Forty-eight of 399 patients referred to the John I. Brewer Trophoblastic D isease Center of Northwestern University Medical School from 1962 to 1979 for treatment of gestational trophoblastic disease (invasive mole or choriocarcinoma) died. All patients who died had histologically documented metastatic choriocarcinoma. The time from pregnancy event to treatment was >4 months and/or the pretreatment human chorionic gonadotropin titer was >100,000 IU/L in 64% of these patients. Seventy-one percent of fatal cases developed in association with term pregnancies, abortions, or ectopic pregnancies rather than hydatidiform moles. Fifty percent of patients who died had metastases to the liver, brain, and/or peritoneal cavity when they first presented for treatment. The most common causes of death were hemorrhage from one or more metastatic sites (42%) and pulmonary insufficiency (31%). Factors primarily responsible for the treatment failures in these patients were: (1) presence of extensive disease at the time of initial treatment; (2) inadequate initial treatment; and (3) failure of presently used chemotherapy protocols in advanced disease. Secondary chemotherapy, radiation therapy to sites other than the brain, and adjuvant surgical procedures failed to improve survival in these high-risk patients.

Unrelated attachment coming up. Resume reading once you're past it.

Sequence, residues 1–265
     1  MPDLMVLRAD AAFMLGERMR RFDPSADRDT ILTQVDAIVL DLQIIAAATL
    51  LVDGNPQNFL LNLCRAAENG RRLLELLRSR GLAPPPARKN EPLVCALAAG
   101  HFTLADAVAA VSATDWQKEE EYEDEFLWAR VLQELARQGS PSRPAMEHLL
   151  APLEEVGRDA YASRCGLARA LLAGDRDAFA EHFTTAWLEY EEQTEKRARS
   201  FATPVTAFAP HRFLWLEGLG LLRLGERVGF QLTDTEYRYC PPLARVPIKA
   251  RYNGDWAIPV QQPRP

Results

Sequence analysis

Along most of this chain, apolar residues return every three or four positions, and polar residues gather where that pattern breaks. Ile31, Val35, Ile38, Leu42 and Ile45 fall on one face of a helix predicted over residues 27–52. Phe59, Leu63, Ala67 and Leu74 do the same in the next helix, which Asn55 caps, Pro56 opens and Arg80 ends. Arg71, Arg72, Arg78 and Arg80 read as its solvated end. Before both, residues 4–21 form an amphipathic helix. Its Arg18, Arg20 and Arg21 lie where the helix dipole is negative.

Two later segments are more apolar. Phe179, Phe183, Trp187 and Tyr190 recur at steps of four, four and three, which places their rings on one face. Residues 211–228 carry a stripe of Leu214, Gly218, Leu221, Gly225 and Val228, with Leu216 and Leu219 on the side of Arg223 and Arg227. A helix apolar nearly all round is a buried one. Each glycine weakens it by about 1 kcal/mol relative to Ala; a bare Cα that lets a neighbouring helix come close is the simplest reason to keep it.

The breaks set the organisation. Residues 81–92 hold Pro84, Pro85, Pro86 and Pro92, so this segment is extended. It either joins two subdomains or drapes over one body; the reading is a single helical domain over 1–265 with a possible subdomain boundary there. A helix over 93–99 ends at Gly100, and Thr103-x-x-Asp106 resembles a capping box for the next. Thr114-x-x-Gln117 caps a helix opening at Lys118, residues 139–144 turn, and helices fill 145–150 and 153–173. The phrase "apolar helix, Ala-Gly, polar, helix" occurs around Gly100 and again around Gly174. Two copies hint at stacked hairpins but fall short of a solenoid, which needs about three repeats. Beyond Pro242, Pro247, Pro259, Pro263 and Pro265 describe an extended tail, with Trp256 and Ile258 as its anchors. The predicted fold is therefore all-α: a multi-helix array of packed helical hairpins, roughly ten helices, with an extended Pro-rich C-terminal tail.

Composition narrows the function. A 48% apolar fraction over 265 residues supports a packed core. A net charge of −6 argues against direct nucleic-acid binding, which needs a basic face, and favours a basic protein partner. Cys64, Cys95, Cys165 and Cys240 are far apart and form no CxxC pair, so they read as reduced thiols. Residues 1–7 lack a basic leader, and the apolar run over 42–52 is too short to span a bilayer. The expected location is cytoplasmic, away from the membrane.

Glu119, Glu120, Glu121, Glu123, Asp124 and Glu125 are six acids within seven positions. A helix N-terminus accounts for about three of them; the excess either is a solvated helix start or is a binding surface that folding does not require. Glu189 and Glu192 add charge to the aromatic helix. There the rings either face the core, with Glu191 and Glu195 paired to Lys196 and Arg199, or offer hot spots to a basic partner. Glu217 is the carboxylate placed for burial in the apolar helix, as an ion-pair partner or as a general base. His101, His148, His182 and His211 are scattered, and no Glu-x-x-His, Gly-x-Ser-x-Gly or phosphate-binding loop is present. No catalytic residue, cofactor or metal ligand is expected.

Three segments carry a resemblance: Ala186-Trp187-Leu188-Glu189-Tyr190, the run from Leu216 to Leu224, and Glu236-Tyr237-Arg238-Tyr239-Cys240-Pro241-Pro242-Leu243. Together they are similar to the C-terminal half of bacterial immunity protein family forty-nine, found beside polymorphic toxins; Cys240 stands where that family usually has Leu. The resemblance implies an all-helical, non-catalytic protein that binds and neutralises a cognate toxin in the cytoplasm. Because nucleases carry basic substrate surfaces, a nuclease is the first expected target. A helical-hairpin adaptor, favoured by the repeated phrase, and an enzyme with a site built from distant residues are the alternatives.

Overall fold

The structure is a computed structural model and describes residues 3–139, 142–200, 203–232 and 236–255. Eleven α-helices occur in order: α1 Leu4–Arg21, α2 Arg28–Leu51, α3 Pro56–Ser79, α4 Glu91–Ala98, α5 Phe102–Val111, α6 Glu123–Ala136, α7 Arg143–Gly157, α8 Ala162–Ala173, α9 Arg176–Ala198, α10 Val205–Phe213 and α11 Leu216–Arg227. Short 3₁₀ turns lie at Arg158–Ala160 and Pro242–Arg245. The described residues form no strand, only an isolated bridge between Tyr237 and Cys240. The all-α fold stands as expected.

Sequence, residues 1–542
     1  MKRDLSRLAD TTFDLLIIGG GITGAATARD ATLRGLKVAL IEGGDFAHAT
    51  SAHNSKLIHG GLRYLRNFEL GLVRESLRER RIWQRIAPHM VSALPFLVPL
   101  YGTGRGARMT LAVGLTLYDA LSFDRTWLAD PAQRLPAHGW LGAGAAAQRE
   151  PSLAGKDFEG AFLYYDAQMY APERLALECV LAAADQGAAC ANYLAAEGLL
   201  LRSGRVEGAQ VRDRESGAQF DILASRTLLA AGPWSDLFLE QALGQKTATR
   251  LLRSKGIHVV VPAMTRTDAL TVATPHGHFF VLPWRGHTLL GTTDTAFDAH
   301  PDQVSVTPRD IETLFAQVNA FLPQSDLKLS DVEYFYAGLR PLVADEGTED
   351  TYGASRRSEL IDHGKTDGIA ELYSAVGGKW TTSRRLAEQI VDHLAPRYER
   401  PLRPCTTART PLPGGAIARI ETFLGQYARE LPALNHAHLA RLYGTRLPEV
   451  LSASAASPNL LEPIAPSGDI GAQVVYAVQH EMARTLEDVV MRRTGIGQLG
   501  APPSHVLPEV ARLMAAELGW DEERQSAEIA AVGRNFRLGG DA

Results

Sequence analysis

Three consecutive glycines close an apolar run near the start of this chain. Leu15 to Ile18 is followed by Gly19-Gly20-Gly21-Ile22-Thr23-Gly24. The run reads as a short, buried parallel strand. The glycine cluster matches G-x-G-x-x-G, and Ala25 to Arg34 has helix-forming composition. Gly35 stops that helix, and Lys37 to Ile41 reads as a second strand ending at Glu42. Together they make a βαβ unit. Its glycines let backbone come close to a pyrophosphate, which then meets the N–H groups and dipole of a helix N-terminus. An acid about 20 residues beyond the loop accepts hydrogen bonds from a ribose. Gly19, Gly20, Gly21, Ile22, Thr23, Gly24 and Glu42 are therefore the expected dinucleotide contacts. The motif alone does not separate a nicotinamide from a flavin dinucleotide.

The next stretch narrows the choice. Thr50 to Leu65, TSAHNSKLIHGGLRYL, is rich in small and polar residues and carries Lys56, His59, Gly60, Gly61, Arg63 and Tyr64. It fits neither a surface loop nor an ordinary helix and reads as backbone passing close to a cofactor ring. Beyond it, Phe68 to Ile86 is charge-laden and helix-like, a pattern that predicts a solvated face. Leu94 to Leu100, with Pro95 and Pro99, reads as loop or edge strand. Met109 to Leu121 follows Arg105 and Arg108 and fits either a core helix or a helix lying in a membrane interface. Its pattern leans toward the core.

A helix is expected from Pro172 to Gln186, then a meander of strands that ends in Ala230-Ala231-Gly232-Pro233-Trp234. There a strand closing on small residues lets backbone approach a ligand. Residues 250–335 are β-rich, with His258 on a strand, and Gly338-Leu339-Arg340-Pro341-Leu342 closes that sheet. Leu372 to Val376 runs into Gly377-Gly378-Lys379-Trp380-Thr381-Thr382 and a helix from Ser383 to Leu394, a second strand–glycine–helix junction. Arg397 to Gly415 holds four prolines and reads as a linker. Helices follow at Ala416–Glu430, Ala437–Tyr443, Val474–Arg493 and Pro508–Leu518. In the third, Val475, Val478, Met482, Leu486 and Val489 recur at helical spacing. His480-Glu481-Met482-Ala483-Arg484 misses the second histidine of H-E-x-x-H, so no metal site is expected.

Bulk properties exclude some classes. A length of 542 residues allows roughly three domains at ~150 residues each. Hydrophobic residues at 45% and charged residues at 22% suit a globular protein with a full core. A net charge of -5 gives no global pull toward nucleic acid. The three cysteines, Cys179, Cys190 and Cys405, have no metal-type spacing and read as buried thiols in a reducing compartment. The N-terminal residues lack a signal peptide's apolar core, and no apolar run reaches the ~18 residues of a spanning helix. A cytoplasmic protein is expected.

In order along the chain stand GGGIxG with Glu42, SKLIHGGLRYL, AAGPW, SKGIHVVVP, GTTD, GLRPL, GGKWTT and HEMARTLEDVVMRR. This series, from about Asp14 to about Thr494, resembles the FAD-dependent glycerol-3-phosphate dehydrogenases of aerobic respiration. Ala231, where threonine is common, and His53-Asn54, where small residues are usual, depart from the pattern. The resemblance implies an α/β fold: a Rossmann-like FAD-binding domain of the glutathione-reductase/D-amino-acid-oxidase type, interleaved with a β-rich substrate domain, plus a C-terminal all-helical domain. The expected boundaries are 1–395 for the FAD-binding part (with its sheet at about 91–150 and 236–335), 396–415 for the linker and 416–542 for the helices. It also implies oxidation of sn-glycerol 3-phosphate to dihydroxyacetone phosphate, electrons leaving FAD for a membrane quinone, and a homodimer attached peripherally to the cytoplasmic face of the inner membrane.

ASJC Scopus subject areas
- Obstetrics and Gynecology